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OnlybyHisgraceRN

OnlybyHisgraceRN ASN, RN

LTC and School Health
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OnlybyHisgraceRN is a ASN, RN and specializes in LTC and School Health.

OnlybyHisgraceRN's Latest Activity

  1. OnlybyHisgraceRN

    The Active Conscience: Yet Another Reason Why Nurses Rock

    Great Article. I have come across some nurses without an active conscience and it is down right scary. I like them as a person but I wouldn't let them touch me or my family member with a ten foot pole.
  2. OnlybyHisgraceRN

    Yikes I'm Getting Old!

    Age is just a number IMHO. I'm 24, and there are nurses 50+ years that are so much physically quicker and more in shape than I am. I hope I can have as much wisdom and youth when I get their age.
  3. OnlybyHisgraceRN

    New Grad Needs Resume and Cover Letter Critique

    I also think that license and education and certs should be listed first. That is one of the first things recruiters look for is if the person is educated and licensed.
  4. OnlybyHisgraceRN

    New Grad Needs Resume and Cover Letter Critique

    Instead of having an objective, maybe you should have a profile. The profile is a summary of your nursing skills and personality. Here is an example: Motivated and compassionate nursing candidate with hospital and clinical training. Successful in managing time, prioritizing tasks and exercising the sound judgment required to improve the quality of patient care. Moreover; I have outstanding interpersonal and communication skills, able to relate with patients in a therapeutic manner and work well with other members of the health care team.
  5. OnlybyHisgraceRN

    My Reasons For Avoiding The Acute Care Hospital

    I'm tired of ER,ICU nurses thanking they are God. I used to hear my ICU co-workers put down every single specialty in the hospital. I would get so offended. Specialities are not a one size fits all. Everyone has their own unique gifts and talents that contributes to every area of nursing.
  6. OnlybyHisgraceRN

    My Reasons For Avoiding The Acute Care Hospital

    Commuter- You have done it again.... Put my feelings into an article. I was told to start off in a hospital because "that is the right thing to do" as a new grad. Even though I had previous LPN experience prior to becoming a RN, I had a really hard time adjusting to the hosptial setting. Stat orders, codes, critical labs, call lights, all memebers of the disciplinary team, rounding, and etc. It was overwhelming. I think I'm a mixture of A and B personality, mostly b though. During my time in ICU, I thought this was just normal new grad blues but I was wrong. Working in ICU nearly drove me into an early grave. I was drinking wine almost 3-4 times a week, taking ativan, and just really really depressed. Ofcourse my co-workers didn't help with creating a hostile environment. I came to the realization that this specialty and type of nursing is NOT for me and doesn't fit my personality. To test my theory, I interviewed and shawdowed at another ICU and felt the same way. I typically like a routine with an occassional code to keep me on my toes. In ICU, I felt like I was putting out fires all day long. I have an offer pending for the ER, my husband tells me I shouldn't take the job because he knows my personality does not fit one of the ER. I agree with him, however I need a job. I'm praying I get into PP or NBN. I think I would be excel in that area.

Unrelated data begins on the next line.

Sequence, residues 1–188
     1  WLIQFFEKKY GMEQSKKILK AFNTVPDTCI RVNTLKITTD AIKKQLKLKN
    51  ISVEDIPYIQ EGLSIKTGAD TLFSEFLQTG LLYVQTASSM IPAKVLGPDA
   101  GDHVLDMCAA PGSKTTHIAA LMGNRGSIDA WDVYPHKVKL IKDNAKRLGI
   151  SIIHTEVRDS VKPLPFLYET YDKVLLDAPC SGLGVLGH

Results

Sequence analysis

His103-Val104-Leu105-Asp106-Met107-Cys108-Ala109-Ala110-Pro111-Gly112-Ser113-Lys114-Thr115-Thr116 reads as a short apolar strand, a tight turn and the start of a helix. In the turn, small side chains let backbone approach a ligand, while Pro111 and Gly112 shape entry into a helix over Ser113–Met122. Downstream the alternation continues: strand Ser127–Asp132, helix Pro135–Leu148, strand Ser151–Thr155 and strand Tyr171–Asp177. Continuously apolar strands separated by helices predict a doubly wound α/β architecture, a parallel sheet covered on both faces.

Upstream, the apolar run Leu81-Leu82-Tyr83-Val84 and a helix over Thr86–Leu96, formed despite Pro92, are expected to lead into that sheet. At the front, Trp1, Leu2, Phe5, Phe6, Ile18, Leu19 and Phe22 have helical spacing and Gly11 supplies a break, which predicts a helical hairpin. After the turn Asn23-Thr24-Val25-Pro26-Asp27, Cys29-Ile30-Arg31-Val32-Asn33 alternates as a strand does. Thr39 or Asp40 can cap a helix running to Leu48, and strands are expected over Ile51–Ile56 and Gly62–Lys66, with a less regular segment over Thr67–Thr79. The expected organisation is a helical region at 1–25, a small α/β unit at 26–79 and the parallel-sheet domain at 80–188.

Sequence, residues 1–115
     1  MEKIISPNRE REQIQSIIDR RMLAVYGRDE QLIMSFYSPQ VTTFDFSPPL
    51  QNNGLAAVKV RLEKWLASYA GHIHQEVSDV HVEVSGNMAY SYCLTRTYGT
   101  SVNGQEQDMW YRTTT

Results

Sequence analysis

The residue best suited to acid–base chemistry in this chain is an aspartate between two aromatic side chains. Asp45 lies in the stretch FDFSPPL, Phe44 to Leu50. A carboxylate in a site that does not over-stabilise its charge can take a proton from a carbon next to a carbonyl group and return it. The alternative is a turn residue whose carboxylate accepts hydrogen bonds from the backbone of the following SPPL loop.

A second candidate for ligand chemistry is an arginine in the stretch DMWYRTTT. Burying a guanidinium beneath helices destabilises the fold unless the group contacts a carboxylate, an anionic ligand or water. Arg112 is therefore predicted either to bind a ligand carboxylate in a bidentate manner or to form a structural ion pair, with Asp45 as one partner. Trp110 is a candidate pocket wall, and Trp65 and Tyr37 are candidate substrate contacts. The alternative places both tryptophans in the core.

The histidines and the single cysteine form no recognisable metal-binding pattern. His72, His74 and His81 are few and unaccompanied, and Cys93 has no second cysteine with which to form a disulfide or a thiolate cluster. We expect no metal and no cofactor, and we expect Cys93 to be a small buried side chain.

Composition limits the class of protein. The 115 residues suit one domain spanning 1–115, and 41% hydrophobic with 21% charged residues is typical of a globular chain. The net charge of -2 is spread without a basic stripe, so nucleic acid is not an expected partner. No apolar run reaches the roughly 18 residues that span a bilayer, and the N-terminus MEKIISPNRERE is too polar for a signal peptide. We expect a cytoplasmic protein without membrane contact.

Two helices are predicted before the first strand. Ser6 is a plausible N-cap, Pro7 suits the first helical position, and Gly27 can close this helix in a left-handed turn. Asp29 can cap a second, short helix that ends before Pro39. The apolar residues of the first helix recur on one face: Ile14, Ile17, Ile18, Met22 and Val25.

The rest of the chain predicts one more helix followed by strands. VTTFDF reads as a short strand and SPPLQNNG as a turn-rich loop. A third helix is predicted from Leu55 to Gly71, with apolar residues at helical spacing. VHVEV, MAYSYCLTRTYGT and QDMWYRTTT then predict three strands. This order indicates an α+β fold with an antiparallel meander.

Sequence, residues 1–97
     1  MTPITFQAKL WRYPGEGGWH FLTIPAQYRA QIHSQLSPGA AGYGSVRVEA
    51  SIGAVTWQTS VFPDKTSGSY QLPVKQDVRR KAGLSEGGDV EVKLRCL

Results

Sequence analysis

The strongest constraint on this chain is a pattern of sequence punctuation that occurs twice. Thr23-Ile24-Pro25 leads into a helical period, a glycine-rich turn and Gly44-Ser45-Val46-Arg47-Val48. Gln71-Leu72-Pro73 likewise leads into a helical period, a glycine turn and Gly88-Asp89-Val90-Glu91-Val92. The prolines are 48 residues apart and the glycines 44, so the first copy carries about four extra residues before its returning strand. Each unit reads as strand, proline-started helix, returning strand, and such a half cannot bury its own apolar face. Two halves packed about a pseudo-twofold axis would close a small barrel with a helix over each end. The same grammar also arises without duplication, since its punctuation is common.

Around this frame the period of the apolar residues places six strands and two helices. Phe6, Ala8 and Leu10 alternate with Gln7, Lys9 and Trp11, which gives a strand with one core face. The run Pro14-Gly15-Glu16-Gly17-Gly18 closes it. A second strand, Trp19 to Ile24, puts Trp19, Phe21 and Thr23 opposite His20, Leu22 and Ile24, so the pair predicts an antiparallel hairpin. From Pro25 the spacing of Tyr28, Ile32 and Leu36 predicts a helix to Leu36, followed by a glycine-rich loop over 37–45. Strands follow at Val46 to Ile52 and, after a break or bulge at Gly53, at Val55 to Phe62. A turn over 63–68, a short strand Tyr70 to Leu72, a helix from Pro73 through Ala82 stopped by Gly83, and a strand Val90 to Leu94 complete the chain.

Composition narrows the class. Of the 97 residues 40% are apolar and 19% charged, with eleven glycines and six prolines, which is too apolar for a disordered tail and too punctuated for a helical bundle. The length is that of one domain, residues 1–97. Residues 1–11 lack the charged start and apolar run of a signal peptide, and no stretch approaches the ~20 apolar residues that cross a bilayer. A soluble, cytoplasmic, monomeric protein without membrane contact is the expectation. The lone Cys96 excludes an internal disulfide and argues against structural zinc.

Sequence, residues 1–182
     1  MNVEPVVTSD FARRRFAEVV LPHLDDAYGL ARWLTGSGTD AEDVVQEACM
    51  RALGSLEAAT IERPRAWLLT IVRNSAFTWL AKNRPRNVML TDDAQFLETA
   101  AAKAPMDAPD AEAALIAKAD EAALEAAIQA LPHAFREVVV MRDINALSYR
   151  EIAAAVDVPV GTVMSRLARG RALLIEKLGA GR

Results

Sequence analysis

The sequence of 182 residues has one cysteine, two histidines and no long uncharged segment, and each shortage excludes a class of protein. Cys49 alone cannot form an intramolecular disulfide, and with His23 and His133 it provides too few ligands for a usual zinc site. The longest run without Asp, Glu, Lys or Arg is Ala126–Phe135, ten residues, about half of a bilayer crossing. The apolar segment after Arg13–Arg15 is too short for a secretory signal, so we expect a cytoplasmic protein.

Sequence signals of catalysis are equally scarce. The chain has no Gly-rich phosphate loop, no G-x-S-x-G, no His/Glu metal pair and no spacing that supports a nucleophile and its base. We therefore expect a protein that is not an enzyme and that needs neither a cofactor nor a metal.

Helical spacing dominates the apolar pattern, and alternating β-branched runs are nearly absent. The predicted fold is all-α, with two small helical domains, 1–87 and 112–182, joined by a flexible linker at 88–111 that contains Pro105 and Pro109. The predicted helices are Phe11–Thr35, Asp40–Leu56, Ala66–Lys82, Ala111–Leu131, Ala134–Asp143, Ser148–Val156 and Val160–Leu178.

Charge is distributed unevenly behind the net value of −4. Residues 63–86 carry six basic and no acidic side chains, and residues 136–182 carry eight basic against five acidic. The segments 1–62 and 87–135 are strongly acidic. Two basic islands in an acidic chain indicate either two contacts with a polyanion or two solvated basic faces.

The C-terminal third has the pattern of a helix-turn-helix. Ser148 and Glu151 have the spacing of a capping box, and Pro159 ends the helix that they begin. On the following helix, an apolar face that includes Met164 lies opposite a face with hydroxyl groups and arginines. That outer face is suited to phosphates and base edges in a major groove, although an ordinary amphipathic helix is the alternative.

7. OnlybyHisgraceRN

    The Slow Code: Justified?

    Wow. Shocking. I'm shocked that you can slow a code or do a "show" code without proper documentation. Unless I had documentation of the patients' words verbatim in the chart or a DNR note, I would have fully coded the patient. Trust me, I know the feeling or not having the proper paper work and going against the patients verbal wishes. However, if there is no documentation then I have to follow policy and procedure and the nurse practice act. When I worked in bedside, I always asked my patients if they prefer DNR or full code and would document the convo and notify the MD so that changes would be made. This is one of the things I hated about working in ICU.... not being able to follow patients' wishes due to lack of documentation and follow up.
  8. OnlybyHisgraceRN

    The Slow Code: Justified?

    I have seen something similiar in my 3 years of nursing. An elderly man coded, and initially everything was being done, but then the the doc decided to verbally end the code, but everyone involved kept documenting as if the code was still happening. Needless to say, I was shock but apparently it happens.
  9. This is not an issue of getting it or not getting it. Some posters disagree with the approach. I think the OP is wonderful because he/she truly does have a new grads best intentions. This is an interesting read. I love to read the responses, it goes to show that there are different strokes for different folks. I guess.